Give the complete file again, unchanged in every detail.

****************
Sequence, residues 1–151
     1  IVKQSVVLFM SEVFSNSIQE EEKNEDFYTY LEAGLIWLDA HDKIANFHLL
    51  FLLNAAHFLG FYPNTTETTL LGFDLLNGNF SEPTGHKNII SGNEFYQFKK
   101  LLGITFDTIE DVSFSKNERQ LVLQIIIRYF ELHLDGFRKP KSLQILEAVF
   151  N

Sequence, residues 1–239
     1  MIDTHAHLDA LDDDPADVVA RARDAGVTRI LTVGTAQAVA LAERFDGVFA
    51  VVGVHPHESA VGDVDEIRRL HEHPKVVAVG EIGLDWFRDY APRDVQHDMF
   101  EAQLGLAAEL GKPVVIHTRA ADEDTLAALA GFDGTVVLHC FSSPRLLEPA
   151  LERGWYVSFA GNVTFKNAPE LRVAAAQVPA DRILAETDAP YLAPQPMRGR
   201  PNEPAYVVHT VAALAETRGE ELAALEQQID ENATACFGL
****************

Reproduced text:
Sequence, residues 1–151
     1  IVKQSVVLFM SEVFSNSIQE EEKNEDFYTY LEAGLIWLDA HDKIANFHLL
    51  FLLNAAHFLG FYPNTTETTL LGFDLLNGNF SEPTGHKNII SGNEFYQFKK
   101  LLGITFDTIE DVSFSKNERQ LVLQIIIRYF ELHLDGFRKP KSLQILEAVF
   151  N

Sequence, residues 1–239
     1  MIDTHAHLDA LDDDPADVVA RARDAGVTRI LTVGTAQAVA LAERFDGVFA
    51  VVGVHPHESA VGDVDEIRRL HEHPKVVAVG EIGLDWFRDY APRDVQHDMF
   101  EAQLGLAAEL GKPVVIHTRA ADEDTLAALA GFDGTVVLHC FSSPRLLEPA
   151  LERGWYVSFA GNVTFKNAPE LRVAAAQVPA DRILAETDAP YLAPQPMRGR
   201  PNEPAYVVHT VAALAETRGE ELAALEQQID ENATACFGL